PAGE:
Burgess, whose real first name was Forrest, spent the entire 1950 season in the minors, where he had a .327 average, 55 runs, 33 extra-base hits, 52 RBIs and a .900 OPS in 88 games for Springfield of the Triple-A International League. He returned to the Cubs in 1951, where he batted .251 in 94 games, with 21 runs, eight extra-base hits, 20 RBIs and a .632 OPS. After the 1951 season, he was part of a seven-player deal that sent him to the Philadelphia Phillies. He immediately did better at the plate with his new team, batting .296 in 110 games in 1952, with 49 runs, 27 doubles, six homers, 56 RBIs, 49 walks and an .809 OPS, with 21 strikeouts in 424 plate appearances. Burgess hit .292 in 1953, with 31 runs, 26 extra-base hits, 36 RBIs and a .787 OPS in 102 games. He posted a .368 batting average in 345 at-bats over 108 games during the 1954 season. He also made his first All-Star appearance that year. Burgess didn’t have enough plate appearances to qualify for the batting title race, but his average was 23 points higher than league leader Willie Mays that season. Burgess had 41 runs, 36 extra-base hits (27 doubles), 46 RBIs, a .942 OPS, and an incredible 42:11 BB/SO ratio that year.
Burgess was traded to the Cincinnati Reds just seven games into the 1955 season, He would make his second straight All-Star appearance with his new team. He hit .301 that season, with 70 runs, 17 doubles, 50 walks and an .864 OPS, while setting career highs with 21 homers and 78 RBIs. His playing time dropped off during the next three seasons in Cincinnati, failing to reach 100 games or 275 plate appearances in any of those years, though he still saw some decent time each year. He hit .275 in 1956, with 28 runs, ten doubles, 12 homers, 39 RBIs and an .822 OPS in 90 games. He played 90 games in 1957 as well, finishing with a .283 average, 29 runs, 14 doubles, 14 homers, 39 RBIs and a .919 OPS. In the season before joining the Pirates, Burgess had a .283 average, with 28 runs, 12 doubles, six homers, 31 RBIs and a .753 OPS in 99 games, though he started just 53 of those games.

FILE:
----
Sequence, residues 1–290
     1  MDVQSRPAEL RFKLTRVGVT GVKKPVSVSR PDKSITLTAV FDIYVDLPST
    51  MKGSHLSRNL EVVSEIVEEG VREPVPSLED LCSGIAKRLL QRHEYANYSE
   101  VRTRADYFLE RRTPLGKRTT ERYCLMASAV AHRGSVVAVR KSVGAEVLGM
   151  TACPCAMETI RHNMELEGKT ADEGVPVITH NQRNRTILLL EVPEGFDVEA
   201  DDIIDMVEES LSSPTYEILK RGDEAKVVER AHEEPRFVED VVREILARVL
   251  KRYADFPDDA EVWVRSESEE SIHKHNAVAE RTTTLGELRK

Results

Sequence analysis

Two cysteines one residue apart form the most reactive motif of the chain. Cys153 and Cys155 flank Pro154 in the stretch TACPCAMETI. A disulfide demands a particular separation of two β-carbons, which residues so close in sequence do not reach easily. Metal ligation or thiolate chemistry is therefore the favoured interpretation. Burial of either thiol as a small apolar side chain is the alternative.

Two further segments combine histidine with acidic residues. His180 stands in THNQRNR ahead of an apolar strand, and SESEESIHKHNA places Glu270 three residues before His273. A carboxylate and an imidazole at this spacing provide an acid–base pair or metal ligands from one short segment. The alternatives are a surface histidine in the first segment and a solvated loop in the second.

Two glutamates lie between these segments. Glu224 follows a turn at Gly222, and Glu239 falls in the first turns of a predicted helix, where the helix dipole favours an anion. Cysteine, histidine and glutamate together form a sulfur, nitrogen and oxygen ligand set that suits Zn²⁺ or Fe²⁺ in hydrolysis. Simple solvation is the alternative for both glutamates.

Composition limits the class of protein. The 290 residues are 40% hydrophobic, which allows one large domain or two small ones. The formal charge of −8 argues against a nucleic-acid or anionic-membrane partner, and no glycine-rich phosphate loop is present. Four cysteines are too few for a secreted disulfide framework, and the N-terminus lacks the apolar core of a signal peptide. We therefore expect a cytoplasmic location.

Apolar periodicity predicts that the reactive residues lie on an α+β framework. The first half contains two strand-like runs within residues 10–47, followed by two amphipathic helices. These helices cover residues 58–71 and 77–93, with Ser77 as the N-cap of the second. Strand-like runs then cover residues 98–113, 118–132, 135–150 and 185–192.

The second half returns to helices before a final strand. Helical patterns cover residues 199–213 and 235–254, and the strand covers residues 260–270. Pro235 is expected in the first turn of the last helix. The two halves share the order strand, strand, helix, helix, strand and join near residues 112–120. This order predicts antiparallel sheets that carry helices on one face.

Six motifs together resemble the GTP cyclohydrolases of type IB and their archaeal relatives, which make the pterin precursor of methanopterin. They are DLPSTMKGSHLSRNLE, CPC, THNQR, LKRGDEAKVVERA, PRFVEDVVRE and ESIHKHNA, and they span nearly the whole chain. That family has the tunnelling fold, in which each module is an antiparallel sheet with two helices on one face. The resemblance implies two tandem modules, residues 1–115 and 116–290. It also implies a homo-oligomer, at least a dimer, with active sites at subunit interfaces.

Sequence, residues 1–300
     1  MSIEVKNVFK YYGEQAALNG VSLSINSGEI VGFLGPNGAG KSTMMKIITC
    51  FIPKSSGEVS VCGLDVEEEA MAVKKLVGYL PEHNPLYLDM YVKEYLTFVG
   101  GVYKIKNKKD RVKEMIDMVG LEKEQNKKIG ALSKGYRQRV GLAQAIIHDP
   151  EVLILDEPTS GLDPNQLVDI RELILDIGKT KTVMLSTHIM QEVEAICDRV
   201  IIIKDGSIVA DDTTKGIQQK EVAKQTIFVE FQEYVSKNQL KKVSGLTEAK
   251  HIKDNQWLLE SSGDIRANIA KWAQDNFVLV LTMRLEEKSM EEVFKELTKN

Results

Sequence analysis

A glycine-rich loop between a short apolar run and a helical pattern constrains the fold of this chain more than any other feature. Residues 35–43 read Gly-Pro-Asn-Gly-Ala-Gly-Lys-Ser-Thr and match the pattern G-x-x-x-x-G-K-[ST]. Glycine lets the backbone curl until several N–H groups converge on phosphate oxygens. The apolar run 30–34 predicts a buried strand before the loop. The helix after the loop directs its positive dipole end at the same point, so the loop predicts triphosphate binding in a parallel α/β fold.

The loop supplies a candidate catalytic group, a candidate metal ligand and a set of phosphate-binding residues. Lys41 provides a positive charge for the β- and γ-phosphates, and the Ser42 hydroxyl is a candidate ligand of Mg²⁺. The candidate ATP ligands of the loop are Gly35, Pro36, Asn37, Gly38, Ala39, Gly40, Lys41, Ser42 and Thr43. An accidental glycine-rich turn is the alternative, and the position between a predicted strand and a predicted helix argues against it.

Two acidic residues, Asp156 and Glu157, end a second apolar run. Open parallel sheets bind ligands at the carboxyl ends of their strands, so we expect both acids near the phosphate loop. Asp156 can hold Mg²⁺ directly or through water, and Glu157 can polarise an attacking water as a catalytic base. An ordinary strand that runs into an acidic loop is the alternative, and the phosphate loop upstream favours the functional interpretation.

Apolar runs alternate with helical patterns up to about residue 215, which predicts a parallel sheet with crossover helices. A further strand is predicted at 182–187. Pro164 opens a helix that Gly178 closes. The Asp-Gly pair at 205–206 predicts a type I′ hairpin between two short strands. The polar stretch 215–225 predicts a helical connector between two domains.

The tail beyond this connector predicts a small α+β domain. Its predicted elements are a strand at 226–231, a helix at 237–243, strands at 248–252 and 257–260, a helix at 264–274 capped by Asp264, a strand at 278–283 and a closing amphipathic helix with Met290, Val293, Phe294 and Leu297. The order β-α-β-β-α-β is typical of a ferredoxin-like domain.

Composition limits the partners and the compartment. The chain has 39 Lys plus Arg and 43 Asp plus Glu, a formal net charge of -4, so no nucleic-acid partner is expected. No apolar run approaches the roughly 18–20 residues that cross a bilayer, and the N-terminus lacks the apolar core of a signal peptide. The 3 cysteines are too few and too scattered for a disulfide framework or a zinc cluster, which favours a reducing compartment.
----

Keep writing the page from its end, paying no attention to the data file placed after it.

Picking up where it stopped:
Burgess hit .297 in 114 games for the 1959 Pirates, with 41 runs, 28 doubles, 11 homers, 59 RBIs and an .834 OPS in 377 at-bats. He also made the All-Star team for the first of three consecutive seasons. They played two All-Star games during the 1959-62 seasons, so he was technically a six-time All-Star during that three-year stretch. He hit .294 in 1960, with 33 runs, 24 extra-base hits, 39 RBIs and a .769 OPS in 110 games, then helped the Pirates to a World Series title by hitting .333 (6-for-18) in the postseason. He received mild MVP support for the only time in his career, finishing 20th in the voting. Burgess hit .303 in 1961, with 37 runs, 17 doubles, 12 homers and 52 RBIs in 323 at-bats. He put up an .851 OPS that season, but he would be even better in 1962. He had 360 at-bats during that 1962 campaign, hitting .328 in 103 games, with 38 runs, 19 doubles, 13 homers and 61 RBIs, setting his high in all three Triple Crown categories while with the Pirates. He finished with an .875 OPS, which was also his high in Pittsburgh.